The next step in the evolution of the meme was the current Iraq insurgency, an insurgency whose goals appear not to be military at all. The London Times reported the statement of one pro-insurgent Iraqi on the day of the parliamentary elections on December 15, 2005: “Because of the resistance the Democratic Party in America has started calling to withdraw US troops from Iraq,” he said, smiling. “That’s what the resistance has achieved.” Instead of anticipating military victories, the insurgency anticipates political triumphs. Bing West, in his No True Glory: A Frontline Account of the Battle for Fallujah, tells the story of the American Marines’ discovery of one of Abu-Musab al-Zarqawi’s hideouts during the second battle for that city. Would this be some new Berchtesgaden, bursting with situation maps and strategy documents and war plans?

Well, not exactly. What the Marines found was…

…a film studio with the green and black flag of Zarqawi’s terrorist gang, Al Ansar, on the wall, and black blood on the floor where Nicholas Berg had been decapitated in May…In the next room were two computers, klieg lights, a CD burner, two video cameras, VHS tapes, a television, a VCR , and a recording schedule typed in English. The schedule included what time a prisoner was to be brought out and washed up, when his confession had to be taped, when the execution had to be done, how long it would take to digitize the video and make copies and when to leave Fallujah in order to deliver the tape to the al Jazeera studio in Baghdad to be shown in prime time.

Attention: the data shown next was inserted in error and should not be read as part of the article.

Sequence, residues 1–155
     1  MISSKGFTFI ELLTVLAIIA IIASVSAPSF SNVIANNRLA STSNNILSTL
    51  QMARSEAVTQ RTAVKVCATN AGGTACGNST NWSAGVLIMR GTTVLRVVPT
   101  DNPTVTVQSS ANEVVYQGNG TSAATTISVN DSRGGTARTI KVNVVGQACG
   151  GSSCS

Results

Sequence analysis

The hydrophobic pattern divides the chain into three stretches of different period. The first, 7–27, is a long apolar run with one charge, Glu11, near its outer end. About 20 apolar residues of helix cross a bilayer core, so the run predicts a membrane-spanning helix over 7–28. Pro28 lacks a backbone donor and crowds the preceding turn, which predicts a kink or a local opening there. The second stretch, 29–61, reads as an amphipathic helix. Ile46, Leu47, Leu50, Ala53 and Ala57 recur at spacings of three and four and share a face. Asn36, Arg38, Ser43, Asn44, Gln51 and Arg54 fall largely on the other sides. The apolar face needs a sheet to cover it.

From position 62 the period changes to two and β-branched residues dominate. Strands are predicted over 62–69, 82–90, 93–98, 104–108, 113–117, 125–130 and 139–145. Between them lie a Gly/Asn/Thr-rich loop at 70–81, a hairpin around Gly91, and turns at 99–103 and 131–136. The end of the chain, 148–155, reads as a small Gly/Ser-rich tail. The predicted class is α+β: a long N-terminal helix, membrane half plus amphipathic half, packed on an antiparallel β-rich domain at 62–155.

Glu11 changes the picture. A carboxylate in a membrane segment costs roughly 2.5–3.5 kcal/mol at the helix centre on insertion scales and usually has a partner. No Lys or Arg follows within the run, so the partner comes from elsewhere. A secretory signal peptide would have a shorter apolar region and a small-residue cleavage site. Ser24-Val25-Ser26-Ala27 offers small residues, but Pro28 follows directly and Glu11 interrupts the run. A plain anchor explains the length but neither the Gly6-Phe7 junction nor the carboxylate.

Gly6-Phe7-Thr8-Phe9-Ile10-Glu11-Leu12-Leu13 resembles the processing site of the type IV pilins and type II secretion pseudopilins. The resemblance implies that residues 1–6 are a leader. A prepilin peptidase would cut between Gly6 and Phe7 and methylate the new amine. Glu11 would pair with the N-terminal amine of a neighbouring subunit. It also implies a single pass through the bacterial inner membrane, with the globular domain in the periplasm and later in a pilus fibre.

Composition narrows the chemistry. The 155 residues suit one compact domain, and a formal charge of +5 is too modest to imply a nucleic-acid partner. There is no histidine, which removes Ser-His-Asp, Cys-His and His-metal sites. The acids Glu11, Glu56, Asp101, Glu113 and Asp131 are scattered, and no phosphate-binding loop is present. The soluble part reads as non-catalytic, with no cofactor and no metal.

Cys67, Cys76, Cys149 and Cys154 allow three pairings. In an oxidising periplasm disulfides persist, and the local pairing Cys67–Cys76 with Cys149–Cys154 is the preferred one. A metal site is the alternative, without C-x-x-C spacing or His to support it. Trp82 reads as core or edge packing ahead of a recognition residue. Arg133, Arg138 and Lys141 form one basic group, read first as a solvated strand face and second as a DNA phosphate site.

But we must give the Iraq insurgency the credit it deserves. It was able to persuade Western elites—who, admittedly, were eager to be persuaded—that it was defeating Coalition forces on the field of battle.

The apogee of the “insurgents are winning” movement came with a Newsweek article in the October 31, 2004 issue, just before Second Fallujah, a Salon digest of which made it around the Internet at veritable light-speed:
Colin Powell believes U.S. is losing Iraq war (Newsweek)

Secretary of State Colin Powell has privately confided to friends in recent weeks that the Iraqi insurgents are winning the war, according to Newsweek....This is a particularly troubling development for the U.S. military, as it prepares to launch an all-out assault on the insurgent strongholds of Fallujah and Ramadi...If the Fallujah offensive fails, Newsweek grimly predicts, "then the American president will find himself in a deepening quagmire on Inauguration Day."

And by that time, the smart money—informed by the Newsweek report and the reporting of Dexter Filkins and Edward “The guerilla movement has a seemingly endless supply of men” Wong in the New York Times—was on the insurgency. Spencer Ackerman in The New Republic’s blog 11/10/04: “By every strategic indication, the insurgents are winning the battle.” And elsewhere: “The insurgency is winning, and is doing so geometrically.” “The insurgents are winning the war. The insurgents know it. Our military knows it. The whole world knows it.” Blogger Steve Gillard went into depth:

What Bush doesn’t realize is that the guerrillas not only control the pace of operations, but read the newspapers about them. They know exactly how to stymie US tactics and will do so…the Iraqis are lavishly equipped. No bolt action rifles here. Just AK's and RPG's…The US would need like a 10-1 advantage to take Fallujah and we can't even come close.